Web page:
Moderate Voters Make For Close Race Between Kissell, Johnson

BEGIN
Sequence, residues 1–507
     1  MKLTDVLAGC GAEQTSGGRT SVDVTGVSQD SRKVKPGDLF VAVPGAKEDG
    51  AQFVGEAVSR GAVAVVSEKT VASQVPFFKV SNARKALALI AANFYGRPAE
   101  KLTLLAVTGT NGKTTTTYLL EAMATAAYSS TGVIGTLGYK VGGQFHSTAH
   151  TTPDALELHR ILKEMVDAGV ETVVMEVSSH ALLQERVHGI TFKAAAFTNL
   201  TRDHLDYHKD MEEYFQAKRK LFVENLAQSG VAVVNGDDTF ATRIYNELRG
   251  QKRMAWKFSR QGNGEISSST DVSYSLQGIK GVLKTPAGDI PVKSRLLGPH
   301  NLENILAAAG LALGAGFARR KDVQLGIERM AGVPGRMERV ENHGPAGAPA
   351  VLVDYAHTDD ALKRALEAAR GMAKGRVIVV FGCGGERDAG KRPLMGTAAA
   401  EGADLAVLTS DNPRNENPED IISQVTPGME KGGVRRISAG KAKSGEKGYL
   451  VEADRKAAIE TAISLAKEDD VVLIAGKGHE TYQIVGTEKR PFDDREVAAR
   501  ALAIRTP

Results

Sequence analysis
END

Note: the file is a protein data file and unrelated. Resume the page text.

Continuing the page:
North Carolina's 8th Congressional seat is often one of the closest statewide races. Most voters there are registered Democrats, but they lean conservative - especially in a year like this when people are angry at Washington and the party in power. So the 8th district's freshman Democrat Larry Kissell is swimming against a strong current as he tries to keep his seat. And political newcomer Harold Johnson hopes to capitalize on it. Republican Harold Johnson is eager to talk about reducing the deficit, preserving tax cuts and getting the economy back on track. But most people just want to talk sports with him. It's the first thing out of Kenny Kiesznowski's mouth when Johnson sits down next to him at the St. James Catholic Church barbecue in Concord. "I travelled around the states playing baseball," says Kiesznowski of his younger years. "You played baseball? What position?" Johnson wants to know. And when Kiesznowski says he was a pitcher. Johnson wants to know the speed of his fastball and soon they're deep into baseball jargon. On the campaign trail, Johnson says he's embraced the fact that people seem more interested in talking sports with him, than politics. He was a sportscaster for more than 30 years on local TV, after all. Name recognition is his biggest asset in his bid to unseat Democrat Larry Kissell. "I'm fortunate enough that they like me," says Johnson. "I'm so proud of the fact that I won them over by being a nice person, a good honest man." But some Republicans wonder if "nice" is enough. "I think Harold Johnson's probably a nice guy, I've known him for a long-time as a sportscaster," says Kim Medlin of Mt. Pleasant. "But I'm not sure how that qualifies you to help run our, our money." Here's what Johnson says to doubters: "Does it take experience to get us in the mess we're in right now? I don't think so." So, the more Johnson can paint Larry Kissell as part of what's wrong in Washington, the better off his campaign will be. But that's complicated, because Kissell actually voted against a couple of big priorities for the Democrats - most notably, the health care reform bill. "Yes he did," says Johnson. "But we have to remember this too: over 96 percent of the time he voted with Nancy Pelosi." Kissell voted for the "failed" stimulus bill, Johnson points out. "The $800 billion bill was supposed to save jobs and it didn't." He tries hard to cast Kissell as a liberal, but polls show many moderate voters in the district remain unconvinced. Like Ida Mills. She's a registered Republican who thinks Kissell's not so bad. "He hasn't always voted with the Democrats," says Mills. "I think he's used his own conscience, so I'm not sure." She's still undecided. But her husband Joe is a big Johnson supporter. At the St. James Barbecue, he and Johnson bond over their shared military service. Johnson spent 4 years in the Marines just prior to the Vietnam War. "I'm honored to have your support in November," Johnson says to Mills. "We need to change direction - America first! Let's try that for while." The latest polls show Johnson gaining on Kissell in what is expected to be a close race. A well-funded conservative group called Americans for Job Security sees enough potential to spend more than half a million dollars running attack ads against Kissell. But nationally, Kissell isn't considered as vulnerable as a lot of other Democratic incumbents. Recently he got the endorsement of the NRA, which more commonly supports Republicans. And farmers who make up a large rural slice of the 8th district are pretty happy with Kissell. At a Cabarrus County Farm Bureau meeting last week, Kissell was given the "Friend of the Farm Bureau" award for his support of subsidies and incentives important to agriculture. In the parking lot afterward, he didn't seem too worried that he might become a casualty of anti-Washington anger. "The best way to get re-elected is by doing a good job and people will see that we're working hard," says Kissell. "This race is about the people of the district." But Kissell also knows the power of an angry electorate. Two years ago, he rode an anti-Republican wave into office. A groundswell against his own party could just as easily sweep him out.